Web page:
Using information from network meta-analyses to optimize the power and sample allocation of a subsequent trial with a new treatment

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Hu, Dapeng
Ye, Fangshu
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Springer Nature
O'Connor, Annette
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Veterinary Diagnostic and Production Animal Medicine
The mission of VDPAM is to educate current and future food animal veterinarians, population medicine scientists and stakeholders by increasing our understanding of issues that impact the health, productivity and well-being of food and fiber producing animals; developing innovative solutions for animal health and food safety; and providing the highest quality, most comprehensive clinical practice and diagnostic services. Our department is made up of highly trained specialists who span a wide range of veterinary disciplines and species interests. We have faculty of all ranks with expertise in diagnostics, medicine, surgery, pathology, microbiology, epidemiology, public health, and production medicine. Most have earned certification from specialty boards. Dozens of additional scientists and laboratory technicians support the research and service components of our department.
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The Department of Statistics seeks to teach students in the theory and methodology of statistics and statistical analysis, preparing its students for entry-level work in business, industry, commerce, government, or academia.

The Department of Statistics was formed in 1948, emerging from the functions performed at the Statistics Laboratory. Originally included in the College of Sciences and Humanities, in 1971 it became co-directed with the College of Agriculture.

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Background: A critical step in trial design is determining the sample size and sample allocation to ensure the proposed study has sufficient power to test the hypothesis of interest: superiority, equivalence, or non-inferiority. When data are available from prior trials and leveraged with the new trial to answer the scientific questions, the value of society’s investment in prior research is increased. When prior information is available, the trial design including the sample size and allocation should be adapted accordingly, yet the current approach to trial design does not utilize such information. Ensuring we maximize the value of prior research is essential as there are always constraints on resources, either physical or financial, and designing a trial with adequate power can be a challenge. Methods: We propose an approach to increasing the power of a new trial by incorporating evidence from a network meta-analysis into the new trial design and analysis. We illustrate the methodology through an example network meta-analysis, where the goal is to identify the optimal allocation ratio for the new three-arm trial, which involves the reference treatment, the new treatment, and the negative control. The primary goal of the new trial is to show that the new treatment is non-inferior to the reference treatment. It may also be of interest to know if the new treatment is superior to the negative control. We propose an optimal treatment allocation strategy which is derived from minimizing the standard error of the log odds ratio estimate of the comparison of interest. We conducted a simulation study to assess the proposed methods to design a new trial while borrowing information from the existing network meta-analysis and compare it to even allocation methods. Results: Using mathematical derivation and simulations, we document that our proposed approach can borrow information from a network meta-analysis to modify the treatment allocation ratio and increase the power of the new trial given a fixed total sample size or to reduce the total sample size needed to reach a desired power. Conclusions: When prior evidence about the hypotheses of interest is available, the traditional equal allocation strategy is not the most powerful approach anymore. Our proposed methodology can improve the power of trial design, reduce the cost of trials, and maximize the utility of prior investments in research.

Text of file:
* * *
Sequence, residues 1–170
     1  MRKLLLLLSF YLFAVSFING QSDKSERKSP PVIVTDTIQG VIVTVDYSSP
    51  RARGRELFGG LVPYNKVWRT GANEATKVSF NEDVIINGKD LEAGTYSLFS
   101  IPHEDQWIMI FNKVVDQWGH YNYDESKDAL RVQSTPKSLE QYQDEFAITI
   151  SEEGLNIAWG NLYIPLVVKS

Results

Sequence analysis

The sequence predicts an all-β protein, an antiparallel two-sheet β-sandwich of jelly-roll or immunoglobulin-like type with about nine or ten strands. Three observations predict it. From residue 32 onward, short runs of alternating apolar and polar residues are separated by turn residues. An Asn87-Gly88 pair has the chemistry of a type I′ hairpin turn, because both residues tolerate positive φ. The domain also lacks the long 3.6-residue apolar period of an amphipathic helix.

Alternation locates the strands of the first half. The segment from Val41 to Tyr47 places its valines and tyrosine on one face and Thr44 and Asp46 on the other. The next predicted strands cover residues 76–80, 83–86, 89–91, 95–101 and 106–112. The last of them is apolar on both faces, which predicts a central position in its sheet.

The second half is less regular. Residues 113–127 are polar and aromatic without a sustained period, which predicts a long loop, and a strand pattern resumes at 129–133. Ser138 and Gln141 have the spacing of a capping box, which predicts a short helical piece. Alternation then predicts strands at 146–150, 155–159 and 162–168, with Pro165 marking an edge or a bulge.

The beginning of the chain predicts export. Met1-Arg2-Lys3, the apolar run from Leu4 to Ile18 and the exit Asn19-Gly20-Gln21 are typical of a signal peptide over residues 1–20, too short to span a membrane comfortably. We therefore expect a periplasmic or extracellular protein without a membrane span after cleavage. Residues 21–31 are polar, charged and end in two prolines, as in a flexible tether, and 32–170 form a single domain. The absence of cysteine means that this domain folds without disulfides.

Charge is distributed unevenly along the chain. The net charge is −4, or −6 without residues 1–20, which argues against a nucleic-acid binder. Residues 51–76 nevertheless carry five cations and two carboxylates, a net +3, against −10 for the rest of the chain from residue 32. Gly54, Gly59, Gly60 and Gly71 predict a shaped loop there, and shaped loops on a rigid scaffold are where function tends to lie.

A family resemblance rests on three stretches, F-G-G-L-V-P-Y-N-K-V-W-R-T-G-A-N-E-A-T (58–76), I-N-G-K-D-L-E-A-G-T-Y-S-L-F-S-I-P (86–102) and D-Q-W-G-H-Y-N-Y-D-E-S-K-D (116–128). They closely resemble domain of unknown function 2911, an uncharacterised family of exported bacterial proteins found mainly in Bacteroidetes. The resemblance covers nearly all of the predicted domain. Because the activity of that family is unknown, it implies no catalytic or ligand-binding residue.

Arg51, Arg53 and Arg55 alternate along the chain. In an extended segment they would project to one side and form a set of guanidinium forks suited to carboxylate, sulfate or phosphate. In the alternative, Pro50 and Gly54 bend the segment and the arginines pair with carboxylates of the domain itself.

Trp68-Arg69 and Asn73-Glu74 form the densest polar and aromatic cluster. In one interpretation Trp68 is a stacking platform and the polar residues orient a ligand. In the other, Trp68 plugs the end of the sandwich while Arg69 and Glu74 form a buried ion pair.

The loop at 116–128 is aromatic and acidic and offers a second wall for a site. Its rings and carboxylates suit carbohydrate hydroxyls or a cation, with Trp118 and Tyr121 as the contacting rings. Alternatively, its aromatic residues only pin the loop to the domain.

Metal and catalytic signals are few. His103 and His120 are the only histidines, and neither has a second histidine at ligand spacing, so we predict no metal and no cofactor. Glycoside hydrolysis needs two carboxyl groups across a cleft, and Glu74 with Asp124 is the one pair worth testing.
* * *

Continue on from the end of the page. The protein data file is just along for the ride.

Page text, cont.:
This article is published as Hu, Dapeng, Chong Wang, Fangshu Ye, and Annette M. O’Connor. "Using information from network meta-analyses to optimize the power and sample allocation of a subsequent trial with a new treatment." BMC Medical Research Methodology 22, no. 1 (2022): 299. DOI: 10.1186/s12874-022-01792-6. Copyright 2023 The Author(s). Attribution 4.0 International (CC BY 4.0). Posted with permission.
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